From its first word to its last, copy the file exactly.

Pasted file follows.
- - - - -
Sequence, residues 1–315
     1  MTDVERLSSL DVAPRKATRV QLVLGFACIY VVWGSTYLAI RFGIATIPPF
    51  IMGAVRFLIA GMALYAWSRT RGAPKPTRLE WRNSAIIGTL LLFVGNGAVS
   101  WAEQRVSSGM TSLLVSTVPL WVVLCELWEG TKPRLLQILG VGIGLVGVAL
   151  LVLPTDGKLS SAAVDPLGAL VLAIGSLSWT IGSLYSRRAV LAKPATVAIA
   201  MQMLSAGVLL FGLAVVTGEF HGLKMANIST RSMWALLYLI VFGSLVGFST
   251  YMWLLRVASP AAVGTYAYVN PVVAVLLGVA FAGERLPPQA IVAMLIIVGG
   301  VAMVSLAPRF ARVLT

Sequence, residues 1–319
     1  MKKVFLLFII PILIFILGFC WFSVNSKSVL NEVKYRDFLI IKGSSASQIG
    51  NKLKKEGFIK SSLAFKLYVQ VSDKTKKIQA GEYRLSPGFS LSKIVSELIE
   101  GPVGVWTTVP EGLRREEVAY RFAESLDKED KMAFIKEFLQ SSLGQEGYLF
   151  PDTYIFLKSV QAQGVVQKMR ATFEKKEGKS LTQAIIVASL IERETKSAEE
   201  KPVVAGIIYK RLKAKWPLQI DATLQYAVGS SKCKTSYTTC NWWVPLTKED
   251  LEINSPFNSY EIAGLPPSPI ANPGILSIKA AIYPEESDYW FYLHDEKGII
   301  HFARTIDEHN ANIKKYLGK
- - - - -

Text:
Sequence, residues 1–315
     1  MTDVERLSSL DVAPRKATRV QLVLGFACIY VVWGSTYLAI RFGIATIPPF
    51  IMGAVRFLIA GMALYAWSRT RGAPKPTRLE WRNSAIIGTL LLFVGNGAVS
   101  WAEQRVSSGM TSLLVSTVPL WVVLCELWEG TKPRLLQILG VGIGLVGVAL
   151  LVLPTDGKLS SAAVDPLGAL VLAIGSLSWT IGSLYSRRAV LAKPATVAIA
   201  MQMLSAGVLL FGLAVVTGEF HGLKMANIST RSMWALLYLI VFGSLVGFST
   251  YMWLLRVASP AAVGTYAYVN PVVAVLLGVA FAGERLPPQA IVAMLIIVGG
   301  VAMVSLAPRF ARVLT

Sequence, residues 1–319
     1  MKKVFLLFII PILIFILGFC WFSVNSKSVL NEVKYRDFLI IKGSSASQIG
    51  NKLKKEGFIK SSLAFKLYVQ VSDKTKKIQA GEYRLSPGFS LSKIVSELIE
   101  GPVGVWTTVP EGLRREEVAY RFAESLDKED KMAFIKEFLQ SSLGQEGYLF
   151  PDTYIFLKSV QAQGVVQKMR ATFEKKEGKS LTQAIIVASL IERETKSAEE
   201  KPVVAGIIYK RLKAKWPLQI DATLQYAVGS SKCKTSYTTC NWWVPLTKED
   251  LEINSPFNSY EIAGLPPSPI ANPGILSIKA AIYPEESDYW FYLHDEKGII
   301  HFARTIDEHN ANIKKYLGK